David Iben put it well when he said, ‘Volatility is not a risk we care about. What we care about is avoiding the permanent loss of capital. So it seems the smart money knows that debt – which is usually involved in bankruptcies – is a very important factor, when you assess how risky a company is. Importantly, Nordson Corporation (NASDAQ:NDSN) does carry debt. But the real question is whether this debt is making the company risky.
What Risk Does Debt Bring?
Debt assists a business until the business has trouble paying it off, either with new capital or with free cash flow. In the worst case scenario, a company can go bankrupt if it cannot pay its creditors. However, a more usual (but still expensive) situation is where a company must dilute shareholders at a cheap share price simply to get debt under control. By replacing dilution, though, debt can be an extremely good tool for businesses that need capital to invest in growth at high rates of return. When we think about a company’s use of debt, we first look at cash and debt together.
What Is Nordson’s Debt?
You can click the graphic below for the historical numbers, but it shows that Nordson had US$1.34b of debt in July 2019, down from US$1.56b, one year before. However, it also had US$147.8m in cash, and so its net debt is US$1.19b.
How Healthy Is Nordson’s Balance Sheet?
According to the last reported balance sheet, Nordson had liabilities of US$444.2m due within 12 months, and liabilities of US$1.50b due beyond 12 months. Offsetting this, it had US$147.8m in cash and US$495.7m in receivables that were due within 12 months. So it has liabilities totalling US$1.30b more than its cash and near-term receivables, combined.
Since publicly traded Nordson shares are worth a total of US$7.95b, it seems unlikely that this level of liabilities would be a major threat. However, we do think it is worth keeping an eye on its balance sheet strength, as it may change over time.
We use two main ratios to inform us about debt levels relative to earnings. The first is net debt divided by earnings before interest, tax, depreciation, and amortization (EBITDA), while the second is how many times its earnings before interest and tax (EBIT) covers its interest expense (or its interest cover, for short). This way, we consider both the absolute quantum of the debt, as well as the interest rates paid on it.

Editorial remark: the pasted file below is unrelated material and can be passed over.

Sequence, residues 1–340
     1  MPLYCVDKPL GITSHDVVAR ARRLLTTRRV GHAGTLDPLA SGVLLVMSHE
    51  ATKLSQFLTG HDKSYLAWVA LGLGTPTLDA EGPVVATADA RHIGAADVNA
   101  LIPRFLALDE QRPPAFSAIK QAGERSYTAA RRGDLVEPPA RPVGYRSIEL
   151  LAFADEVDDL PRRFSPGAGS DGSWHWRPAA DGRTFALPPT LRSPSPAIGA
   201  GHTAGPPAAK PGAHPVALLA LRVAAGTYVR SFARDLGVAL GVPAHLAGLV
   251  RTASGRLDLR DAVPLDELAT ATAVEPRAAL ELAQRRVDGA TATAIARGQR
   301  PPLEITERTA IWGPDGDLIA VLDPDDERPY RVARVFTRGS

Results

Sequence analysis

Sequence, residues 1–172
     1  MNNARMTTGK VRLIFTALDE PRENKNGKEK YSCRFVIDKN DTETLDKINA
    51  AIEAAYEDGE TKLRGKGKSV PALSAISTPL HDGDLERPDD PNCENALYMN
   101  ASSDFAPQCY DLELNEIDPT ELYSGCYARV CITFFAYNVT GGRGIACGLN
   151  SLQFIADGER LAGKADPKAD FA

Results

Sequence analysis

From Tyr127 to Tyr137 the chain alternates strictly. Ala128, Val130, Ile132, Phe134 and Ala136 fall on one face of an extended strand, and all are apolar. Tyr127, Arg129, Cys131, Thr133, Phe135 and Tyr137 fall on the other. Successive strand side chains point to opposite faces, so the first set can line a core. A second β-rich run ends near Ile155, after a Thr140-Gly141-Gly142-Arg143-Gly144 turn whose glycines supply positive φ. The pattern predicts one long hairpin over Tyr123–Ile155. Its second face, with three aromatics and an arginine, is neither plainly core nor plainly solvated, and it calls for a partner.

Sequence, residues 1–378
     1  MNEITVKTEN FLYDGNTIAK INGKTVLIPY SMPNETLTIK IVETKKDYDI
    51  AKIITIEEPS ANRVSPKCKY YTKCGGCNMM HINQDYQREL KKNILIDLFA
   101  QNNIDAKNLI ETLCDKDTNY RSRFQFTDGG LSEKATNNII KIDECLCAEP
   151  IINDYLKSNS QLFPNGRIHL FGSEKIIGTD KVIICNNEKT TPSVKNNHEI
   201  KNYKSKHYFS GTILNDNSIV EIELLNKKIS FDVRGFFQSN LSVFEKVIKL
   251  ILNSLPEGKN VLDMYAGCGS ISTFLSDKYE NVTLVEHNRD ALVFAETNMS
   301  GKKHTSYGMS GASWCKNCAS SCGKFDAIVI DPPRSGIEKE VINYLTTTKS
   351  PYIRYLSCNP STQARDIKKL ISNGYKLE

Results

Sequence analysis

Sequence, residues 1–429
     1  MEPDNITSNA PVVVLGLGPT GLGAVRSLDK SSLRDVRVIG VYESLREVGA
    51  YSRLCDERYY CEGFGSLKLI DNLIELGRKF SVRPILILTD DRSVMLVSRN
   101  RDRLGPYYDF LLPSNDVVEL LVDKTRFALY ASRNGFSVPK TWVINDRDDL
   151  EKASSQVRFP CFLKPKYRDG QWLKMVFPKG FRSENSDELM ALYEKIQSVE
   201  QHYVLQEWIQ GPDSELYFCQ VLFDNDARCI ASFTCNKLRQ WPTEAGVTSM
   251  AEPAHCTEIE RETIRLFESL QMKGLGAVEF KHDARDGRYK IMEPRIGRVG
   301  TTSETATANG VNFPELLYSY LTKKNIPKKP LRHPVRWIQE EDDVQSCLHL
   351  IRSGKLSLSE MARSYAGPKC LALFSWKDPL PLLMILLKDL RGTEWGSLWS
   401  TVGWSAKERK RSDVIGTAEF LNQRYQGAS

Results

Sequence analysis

Nordson’s net debt of 2.1 times EBITDA suggests graceful use of debt. And the alluring interest cover (EBIT of 9.8 times interest expense) certainly does not do anything to dispel this impression. Unfortunately, Nordson saw its EBIT slide 8.6% in the last twelve months. If earnings continue on that decline then managing that debt will be difficult like delivering hot soup on a unicycle. The balance sheet is clearly the area to focus on when you are analysing debt. But it is future earnings, more than anything, that will determine Nordson’s ability to maintain a healthy balance sheet going forward. So if you want to see what the professionals think, you might find this free report on analyst profit forecasts to be interesting.
Finally, a business needs free cash flow to pay off debt; accounting profits just don’t cut it. So the logical step is to look at the proportion of that EBIT that is matched by actual free cash flow. During the last three years, Nordson produced sturdy free cash flow equating to 71% of its EBIT, about what we’d expect. This free cash flow puts the company in a good position to pay down debt, when appropriate.
Both Nordson’s ability to to convert EBIT to free cash flow and its interest cover gave us comfort that it can handle its debt. On the other hand, its EBIT growth rate makes us a little less comfortable about its debt. Considering this range of data points, we think Nordson is in a good position to manage its debt levels. Having said that, the load is sufficiently heavy that we would recommend any shareholders keep a close eye on it. Of course, we wouldn’t say no to the extra confidence that we’d gain if we knew that Nordson insiders have been buying shares: if you’re on the same wavelength, you can find out if insiders are buying by clicking this link.
Of course, if you’re the type of investor who prefers buying stocks without the burden of debt, then don’t hesitate to discover our exclusive list of net cash growth stocks, today.
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If you spot an error that warrants correction, please contact the editor at firstname.lastname@example.org. This article by Simply Wall St is general in nature. It does not constitute a recommendation to buy or sell any stock, and does not take account of your objectives, or your financial situation. Simply Wall St has no position in the stocks mentioned. Thank you for reading.